Subleasing basics: Protecting the unwary subtenant’s interests in its premises - by Matthew Zangwill

May 07, 2019 - Long Island
Matthew Zangwill
Ruskin Moscou Faltischek PC

A sublease might seem a simple transaction since the hard work of negotiating the master lease is done and its terms will be incorporated into the sublease by reference. However, the existence of the master lease may be the cause for often overlooked details that can harm the subtenant. 

The master lease can be viewed as a snapshot in time representative of the market for the particular type of leased space. If executed during a frenetic leasing market, certain provisions of the master lease such as the surrender obligations of the tenant, cure periods, tenant’s alteration rights and ability to assign and sublease may reflect an imbalance of the parties’ bargaining power. A full and thorough review and accounting of the master lease is advised to identify unwanted obligations or limitations that should be shifted away from the subtenant.    

A critical subleasing issue is the consequence of a termination of the master lease prior to the expiration of the term of the sublease. What happens if a sublandlord defaults on its obligations under the master lease or rejects the master lease in its bankruptcy? With few exceptions, a sublease will not survive termination of the master lease and as the landlord has no direct relationship with a subtenant, it is not obligated to recognize a subtenant’s right under the sublease to remain in possession. Compounding such a dilemma, consider the subtenant’s position if the subtenant made capital improvements to the subleased premises only to find that it’s interest has been extinguished. Consider further if the rent under the master lease is below market at the time of a default. The convergence of such events might provide the landlord with ample motivation to seek to terminate the master lease following a tenant default, leaving the subtenant’s fate in the hands of the landlord.

There is no simple solution to shoe horn into a sublease that will satisfy the concerns of all parties. Since the rent payable under the sublease is often less than the rent payable under the master lease, the subtenant should carefully evaluate the financial strength of the tenant to quantify the risk of a master lease default. 

A best case scenario for the subtenant would be a recognition agreement from the landlord wherein the landlord agrees not to disturb the subtenant’s possession and recognize the sublease as a direct lease between the landlord and subtenant in the event the master lease is terminated through no fault of the subtenant. However, recognition agreements are often met with heavy resistance or outright rejection. If, as mentioned above, the subtenant’s rent is less than that in the master lease, the landlord may insist that the rent be increased to match the master lease – or even higher if the rent payable under the master lease is also undervalued. 

If the landlord will not deliver the subtenant a recognition agreement, other subtenant protections can be baked into the sublease. These include covenants from sublandlord that it shall:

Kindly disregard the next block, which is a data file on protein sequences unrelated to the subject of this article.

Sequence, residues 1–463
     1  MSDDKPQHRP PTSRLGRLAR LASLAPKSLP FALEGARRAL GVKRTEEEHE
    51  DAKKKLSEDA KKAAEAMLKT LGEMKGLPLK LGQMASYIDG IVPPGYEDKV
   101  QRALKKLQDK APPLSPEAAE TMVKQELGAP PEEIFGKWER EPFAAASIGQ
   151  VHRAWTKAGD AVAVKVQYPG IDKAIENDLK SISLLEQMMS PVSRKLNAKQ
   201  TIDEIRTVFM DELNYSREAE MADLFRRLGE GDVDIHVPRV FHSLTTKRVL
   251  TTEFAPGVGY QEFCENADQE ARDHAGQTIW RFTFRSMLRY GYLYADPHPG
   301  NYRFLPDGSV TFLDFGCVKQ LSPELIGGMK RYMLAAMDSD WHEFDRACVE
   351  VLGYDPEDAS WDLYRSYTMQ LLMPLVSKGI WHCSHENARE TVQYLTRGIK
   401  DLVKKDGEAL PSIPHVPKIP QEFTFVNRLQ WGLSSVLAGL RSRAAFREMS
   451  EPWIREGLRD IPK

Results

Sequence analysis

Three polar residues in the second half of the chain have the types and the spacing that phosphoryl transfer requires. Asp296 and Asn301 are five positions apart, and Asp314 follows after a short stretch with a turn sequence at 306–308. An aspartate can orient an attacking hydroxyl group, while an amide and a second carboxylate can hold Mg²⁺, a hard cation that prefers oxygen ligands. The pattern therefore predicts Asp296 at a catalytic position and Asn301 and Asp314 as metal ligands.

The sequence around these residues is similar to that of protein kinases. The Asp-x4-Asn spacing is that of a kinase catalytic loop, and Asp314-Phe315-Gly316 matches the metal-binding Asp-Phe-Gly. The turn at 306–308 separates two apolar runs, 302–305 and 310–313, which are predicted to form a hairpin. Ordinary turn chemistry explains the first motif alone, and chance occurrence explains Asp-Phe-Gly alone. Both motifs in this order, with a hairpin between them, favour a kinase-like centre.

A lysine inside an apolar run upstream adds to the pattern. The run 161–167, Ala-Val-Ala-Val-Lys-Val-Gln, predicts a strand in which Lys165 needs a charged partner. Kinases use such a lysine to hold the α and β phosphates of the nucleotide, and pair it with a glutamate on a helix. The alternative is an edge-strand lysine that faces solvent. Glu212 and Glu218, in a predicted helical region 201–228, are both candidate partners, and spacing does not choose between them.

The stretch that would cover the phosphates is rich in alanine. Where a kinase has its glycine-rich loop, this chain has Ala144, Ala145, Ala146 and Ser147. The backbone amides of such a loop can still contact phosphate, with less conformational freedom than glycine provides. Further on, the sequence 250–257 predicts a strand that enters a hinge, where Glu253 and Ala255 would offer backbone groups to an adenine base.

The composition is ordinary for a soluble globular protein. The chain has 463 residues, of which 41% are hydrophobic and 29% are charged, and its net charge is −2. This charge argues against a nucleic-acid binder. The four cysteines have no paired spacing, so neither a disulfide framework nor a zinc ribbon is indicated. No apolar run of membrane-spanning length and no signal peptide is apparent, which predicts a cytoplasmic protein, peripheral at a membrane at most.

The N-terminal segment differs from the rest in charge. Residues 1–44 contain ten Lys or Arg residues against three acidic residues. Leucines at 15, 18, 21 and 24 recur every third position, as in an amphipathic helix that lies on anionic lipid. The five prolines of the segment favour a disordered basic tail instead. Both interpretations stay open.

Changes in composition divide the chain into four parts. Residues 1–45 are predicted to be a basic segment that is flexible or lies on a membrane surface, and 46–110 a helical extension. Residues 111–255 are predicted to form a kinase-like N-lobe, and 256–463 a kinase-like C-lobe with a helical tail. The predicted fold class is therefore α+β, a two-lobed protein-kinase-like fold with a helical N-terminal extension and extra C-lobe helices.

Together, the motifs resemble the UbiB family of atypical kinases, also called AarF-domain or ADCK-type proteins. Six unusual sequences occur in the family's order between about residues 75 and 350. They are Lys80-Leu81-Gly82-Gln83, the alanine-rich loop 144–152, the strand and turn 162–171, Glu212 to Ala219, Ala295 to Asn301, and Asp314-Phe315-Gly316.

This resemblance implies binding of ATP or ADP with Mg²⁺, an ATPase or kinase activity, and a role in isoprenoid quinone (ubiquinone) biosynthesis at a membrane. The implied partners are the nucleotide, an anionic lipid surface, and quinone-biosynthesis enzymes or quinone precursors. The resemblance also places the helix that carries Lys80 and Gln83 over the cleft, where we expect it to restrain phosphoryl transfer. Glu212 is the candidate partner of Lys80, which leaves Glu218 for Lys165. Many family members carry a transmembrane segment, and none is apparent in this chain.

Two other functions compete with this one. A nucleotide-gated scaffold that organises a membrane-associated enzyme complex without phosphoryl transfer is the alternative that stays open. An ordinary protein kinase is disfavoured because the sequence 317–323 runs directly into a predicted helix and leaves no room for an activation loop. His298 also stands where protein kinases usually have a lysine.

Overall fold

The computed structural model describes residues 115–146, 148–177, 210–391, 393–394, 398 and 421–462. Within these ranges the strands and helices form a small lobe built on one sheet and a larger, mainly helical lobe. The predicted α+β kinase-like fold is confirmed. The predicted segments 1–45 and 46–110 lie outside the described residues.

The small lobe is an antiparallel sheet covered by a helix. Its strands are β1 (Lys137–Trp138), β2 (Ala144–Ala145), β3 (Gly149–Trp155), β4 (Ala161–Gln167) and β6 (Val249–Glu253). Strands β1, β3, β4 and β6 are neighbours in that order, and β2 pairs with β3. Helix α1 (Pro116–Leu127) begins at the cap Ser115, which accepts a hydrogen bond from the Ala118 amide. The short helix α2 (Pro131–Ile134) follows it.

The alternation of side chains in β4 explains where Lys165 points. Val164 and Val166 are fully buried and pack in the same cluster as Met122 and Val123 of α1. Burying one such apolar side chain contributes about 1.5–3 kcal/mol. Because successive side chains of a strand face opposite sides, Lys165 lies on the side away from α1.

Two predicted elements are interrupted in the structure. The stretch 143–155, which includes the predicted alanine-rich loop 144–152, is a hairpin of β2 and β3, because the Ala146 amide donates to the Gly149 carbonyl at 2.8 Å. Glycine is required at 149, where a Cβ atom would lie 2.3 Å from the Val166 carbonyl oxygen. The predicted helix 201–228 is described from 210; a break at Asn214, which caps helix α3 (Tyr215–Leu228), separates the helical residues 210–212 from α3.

• Fully and faithfully perform the terms and conditions of the master lease on its part to be performed.

• Not surrender, voluntarily terminate or amend the master lease.

• Send subtenant copies of all default notices received from or sent to landlord.

• Permit subtenant to cure any default under the master lease to prevent a termination of the master lease, with reimbursement of any expenses incurred by subtenant to be paid by sublandlord or offset against next installments of rent due until all sums have been recovered. 

Additionally, if the master lease allows the sublandlord to terminate the master lease following a fire or other casualty, the sublease should prohibit the sublandlord from making such determination and transfer decision making power to the subtenant.  

A landlord can also pose an existential threat to the continued existence of the master lease if the landlord defaults on a mortgage encumbering the subleased premises. If a mortgagee forecloses, an after-executed sublease will be at risk of termination. A solution is to obtain from the mortgagee a non-disturbance agreement that will permit the subtenant to remain in occupancy pursuant to the terms of the sublease, provided there is no default by subtenant.   

Since a subtenant lacks a contractual relationship with the landlord, its rights are limited in an instance where the landlord fails to perform its obligations under the master lease (e.g., provide building services). Accordingly, the sublease should give the subtenant the right to bring an action against the landlord in the sublandlord’s name to compel landlord’s performance.   

A subtenant may view a sublease transaction solely from the vantage point of lower rents. However, as highlighted herein, oft-ignored sublease issues can have adverse consequences to an unsuspecting subtenant. While the existence of the master lease is paramount, there is more than one avenue to successfully protect a subtenant’s interest in its subleased premises. 

Matthew Zangwill is a partner at Ruskin Moscou Faltischek, PC, Uniondale, N.Y.

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